Blurb (as on Goodreads):
A weaver is initiated into the ancient art of bringing a universe into existence. A demon hunter encounters an unlikely opponent. Four goddesses engage in a cosmic brawl. A graphic designer duels with a dark secret involving a mysterious tattoo. A defiant chudail makes a shocking announcement at a kitty party. A puppet seeking adventure discovers who she really is. A young woman’s resolute choice leads her to haunt Death across millennia. . .
A compelling collection of stories that speak of love, rage, rebellion, choices and chances, Magical Women brings together some of the strongest female voices in contemporary Indian writing. Combining astounding imagination with superlative craft, these tales will intrigue and delight readers in equal measure.
Featuring the works of: * Asma Kazi * Kiran Manral * Krishna Udayasankar * Nikita Deshpande * Ruchika Roy * Samhita Arni * Sejal Mehta * Shreya Ila Anasuya * Shveta Thakrar * Shweta Taneja * Sujatha S.V. * Sukanya Venkatraghavan * Tashan Mehta * Trisha Das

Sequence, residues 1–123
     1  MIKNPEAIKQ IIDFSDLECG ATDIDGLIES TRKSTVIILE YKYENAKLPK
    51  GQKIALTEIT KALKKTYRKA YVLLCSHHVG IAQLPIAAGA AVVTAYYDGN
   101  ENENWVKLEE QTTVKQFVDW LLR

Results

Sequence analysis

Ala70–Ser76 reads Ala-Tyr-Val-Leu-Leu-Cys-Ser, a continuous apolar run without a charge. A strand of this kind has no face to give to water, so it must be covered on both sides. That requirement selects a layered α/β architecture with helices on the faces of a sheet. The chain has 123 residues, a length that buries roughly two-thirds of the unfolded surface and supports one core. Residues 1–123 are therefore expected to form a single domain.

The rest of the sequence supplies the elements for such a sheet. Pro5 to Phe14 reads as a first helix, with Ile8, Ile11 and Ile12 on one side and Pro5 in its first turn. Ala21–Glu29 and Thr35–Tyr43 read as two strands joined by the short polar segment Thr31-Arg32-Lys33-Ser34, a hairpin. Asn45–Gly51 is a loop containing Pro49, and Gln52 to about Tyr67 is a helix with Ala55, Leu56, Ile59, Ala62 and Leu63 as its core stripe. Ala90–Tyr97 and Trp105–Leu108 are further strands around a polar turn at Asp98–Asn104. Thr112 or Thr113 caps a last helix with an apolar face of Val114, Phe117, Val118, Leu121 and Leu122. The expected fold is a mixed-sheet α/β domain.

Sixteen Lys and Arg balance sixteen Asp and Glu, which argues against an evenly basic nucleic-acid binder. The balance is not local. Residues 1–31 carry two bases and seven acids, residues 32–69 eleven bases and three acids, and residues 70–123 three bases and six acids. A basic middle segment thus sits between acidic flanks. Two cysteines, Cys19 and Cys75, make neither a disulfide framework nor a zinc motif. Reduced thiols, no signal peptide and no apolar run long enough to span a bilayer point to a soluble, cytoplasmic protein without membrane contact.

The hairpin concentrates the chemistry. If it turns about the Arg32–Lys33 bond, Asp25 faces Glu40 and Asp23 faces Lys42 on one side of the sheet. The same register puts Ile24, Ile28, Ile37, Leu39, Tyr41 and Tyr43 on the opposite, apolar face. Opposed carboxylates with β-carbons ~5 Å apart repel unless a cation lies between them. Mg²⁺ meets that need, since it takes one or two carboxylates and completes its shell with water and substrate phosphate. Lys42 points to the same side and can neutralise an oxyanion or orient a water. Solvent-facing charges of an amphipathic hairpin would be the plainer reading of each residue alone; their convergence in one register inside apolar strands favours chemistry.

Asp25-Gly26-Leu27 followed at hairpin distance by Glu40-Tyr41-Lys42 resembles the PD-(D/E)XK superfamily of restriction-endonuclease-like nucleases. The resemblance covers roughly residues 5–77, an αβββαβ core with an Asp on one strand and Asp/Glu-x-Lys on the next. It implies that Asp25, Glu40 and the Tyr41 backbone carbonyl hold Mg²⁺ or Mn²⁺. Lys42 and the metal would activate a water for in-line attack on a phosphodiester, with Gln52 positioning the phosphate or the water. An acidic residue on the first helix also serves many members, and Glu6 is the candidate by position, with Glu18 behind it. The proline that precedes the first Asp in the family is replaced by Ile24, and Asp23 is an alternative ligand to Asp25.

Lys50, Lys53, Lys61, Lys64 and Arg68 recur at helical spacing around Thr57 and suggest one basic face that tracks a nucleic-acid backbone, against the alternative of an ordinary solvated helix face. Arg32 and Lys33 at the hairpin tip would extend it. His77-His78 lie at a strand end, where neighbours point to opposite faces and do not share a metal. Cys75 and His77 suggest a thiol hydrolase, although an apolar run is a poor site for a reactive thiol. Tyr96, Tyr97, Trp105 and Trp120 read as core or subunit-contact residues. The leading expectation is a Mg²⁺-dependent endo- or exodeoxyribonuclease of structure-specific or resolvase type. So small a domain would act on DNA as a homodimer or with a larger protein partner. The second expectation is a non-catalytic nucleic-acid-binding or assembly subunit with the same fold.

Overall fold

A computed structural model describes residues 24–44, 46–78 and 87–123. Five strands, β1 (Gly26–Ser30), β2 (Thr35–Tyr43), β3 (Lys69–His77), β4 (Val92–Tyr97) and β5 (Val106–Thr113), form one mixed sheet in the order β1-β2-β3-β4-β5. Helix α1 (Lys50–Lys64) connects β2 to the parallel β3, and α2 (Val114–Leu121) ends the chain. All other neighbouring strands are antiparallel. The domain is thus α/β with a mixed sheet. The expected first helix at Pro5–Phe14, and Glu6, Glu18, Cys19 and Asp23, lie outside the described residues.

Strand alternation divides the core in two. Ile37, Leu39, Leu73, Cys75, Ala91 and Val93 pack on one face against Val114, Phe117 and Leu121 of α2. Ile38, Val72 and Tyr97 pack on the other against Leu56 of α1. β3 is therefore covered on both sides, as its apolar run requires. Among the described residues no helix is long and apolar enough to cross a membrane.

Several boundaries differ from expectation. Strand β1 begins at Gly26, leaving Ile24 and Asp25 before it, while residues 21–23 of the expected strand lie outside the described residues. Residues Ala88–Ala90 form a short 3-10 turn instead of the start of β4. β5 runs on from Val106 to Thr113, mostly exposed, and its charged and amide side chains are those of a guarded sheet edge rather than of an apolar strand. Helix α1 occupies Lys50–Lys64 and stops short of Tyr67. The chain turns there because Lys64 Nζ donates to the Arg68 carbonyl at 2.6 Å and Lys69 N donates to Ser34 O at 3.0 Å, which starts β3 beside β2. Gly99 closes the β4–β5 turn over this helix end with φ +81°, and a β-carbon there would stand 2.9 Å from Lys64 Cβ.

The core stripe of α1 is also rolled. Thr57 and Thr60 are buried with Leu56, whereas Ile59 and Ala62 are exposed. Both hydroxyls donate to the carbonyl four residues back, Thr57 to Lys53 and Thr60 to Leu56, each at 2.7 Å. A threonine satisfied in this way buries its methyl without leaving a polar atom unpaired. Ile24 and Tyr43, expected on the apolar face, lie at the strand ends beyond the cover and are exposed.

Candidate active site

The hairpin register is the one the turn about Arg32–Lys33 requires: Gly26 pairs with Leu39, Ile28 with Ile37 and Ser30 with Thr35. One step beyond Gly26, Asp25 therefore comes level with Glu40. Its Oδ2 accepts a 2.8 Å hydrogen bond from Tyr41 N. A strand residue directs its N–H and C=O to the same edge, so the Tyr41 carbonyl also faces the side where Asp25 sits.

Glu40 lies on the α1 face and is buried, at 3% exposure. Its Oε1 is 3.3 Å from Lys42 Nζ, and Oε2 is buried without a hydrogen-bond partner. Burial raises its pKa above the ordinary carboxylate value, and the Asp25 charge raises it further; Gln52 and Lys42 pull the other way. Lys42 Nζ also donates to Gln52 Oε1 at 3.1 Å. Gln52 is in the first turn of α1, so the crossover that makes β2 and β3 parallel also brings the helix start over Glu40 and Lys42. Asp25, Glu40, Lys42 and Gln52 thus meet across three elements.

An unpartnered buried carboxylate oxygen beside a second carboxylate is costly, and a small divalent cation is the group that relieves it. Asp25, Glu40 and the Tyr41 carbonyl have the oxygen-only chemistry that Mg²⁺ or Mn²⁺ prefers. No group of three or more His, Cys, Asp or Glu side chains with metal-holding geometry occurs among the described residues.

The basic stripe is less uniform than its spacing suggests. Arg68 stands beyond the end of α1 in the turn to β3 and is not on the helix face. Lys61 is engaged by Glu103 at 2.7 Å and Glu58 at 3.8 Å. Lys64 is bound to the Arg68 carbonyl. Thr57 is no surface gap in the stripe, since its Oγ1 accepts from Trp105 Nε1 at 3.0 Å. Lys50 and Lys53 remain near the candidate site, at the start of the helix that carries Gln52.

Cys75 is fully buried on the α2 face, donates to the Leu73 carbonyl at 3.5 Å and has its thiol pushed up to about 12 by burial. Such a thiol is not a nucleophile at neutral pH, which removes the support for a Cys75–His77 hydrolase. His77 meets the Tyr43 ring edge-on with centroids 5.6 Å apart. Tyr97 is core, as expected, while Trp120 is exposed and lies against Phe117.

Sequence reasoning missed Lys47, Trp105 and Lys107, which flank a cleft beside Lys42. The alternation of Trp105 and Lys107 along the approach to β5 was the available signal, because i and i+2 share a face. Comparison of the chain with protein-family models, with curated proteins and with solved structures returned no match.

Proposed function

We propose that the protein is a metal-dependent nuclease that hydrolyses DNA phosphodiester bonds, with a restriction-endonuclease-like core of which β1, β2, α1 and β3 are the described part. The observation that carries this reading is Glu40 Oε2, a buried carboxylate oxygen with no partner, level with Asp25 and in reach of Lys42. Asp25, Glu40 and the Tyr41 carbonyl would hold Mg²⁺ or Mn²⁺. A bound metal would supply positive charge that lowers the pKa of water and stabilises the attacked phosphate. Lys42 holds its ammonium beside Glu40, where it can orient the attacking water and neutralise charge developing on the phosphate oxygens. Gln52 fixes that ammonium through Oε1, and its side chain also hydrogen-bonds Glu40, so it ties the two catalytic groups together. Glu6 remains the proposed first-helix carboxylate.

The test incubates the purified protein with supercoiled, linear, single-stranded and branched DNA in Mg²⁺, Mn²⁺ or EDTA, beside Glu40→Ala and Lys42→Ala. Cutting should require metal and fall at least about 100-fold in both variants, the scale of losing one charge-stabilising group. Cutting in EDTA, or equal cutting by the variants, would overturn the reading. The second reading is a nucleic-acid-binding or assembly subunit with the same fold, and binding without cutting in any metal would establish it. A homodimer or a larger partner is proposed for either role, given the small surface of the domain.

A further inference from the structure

‘Magical Women’ is a collection of 14 women-centric short stories that deals with issues such as sexual abuse, patriarchy, Global Warming, love, and loneliness. It’s quite diverse and contains strong opinionated and rational voices. The stories are a mix of fantasy, contemporary literature, mythology, and science fiction.
Since each story has been contributed by a different author, the writing style might be difficult to follow. But most of these stories are imaginative and intricate retellings that are engrossing and definitive. The Sci-fi ones didn’t work for me because that genre is still alien to me, but the rest of the collection was remarkable.
My favorite from this collection are:
- Rulebook for Creating a Universe by Tashan Mehta: One child’s appeal to bring change and maintain balance goes unheard when men decide that there is only one way to life-their way.
- Earth and Evolution walk into a Bar by Sejal Mehta: An intense conversation between Earth and Evolution
- Tridevi Turbulence by Trisha Das: Based on the pollution of the river Ganges and its disappearance due to Global Warming
- The Carnival at the Edge of the World by Shveta Thakrar: A retelling of ‘Nala and Damayanti’
- The Rakshasi’s Rose Garden by Sukanya Venkatraghavan: A witch’s approach to molesters and abusers
- The Girl who Haunted Death by Nikita Deshpande: A retelling of Savitri and her encounter with Death.
This collection is perfect if you are looking for something that isn’t traditional storytelling but equally fun and eye-opening.
*Thank you Hachette India for a copy of the book. All opinions are my own*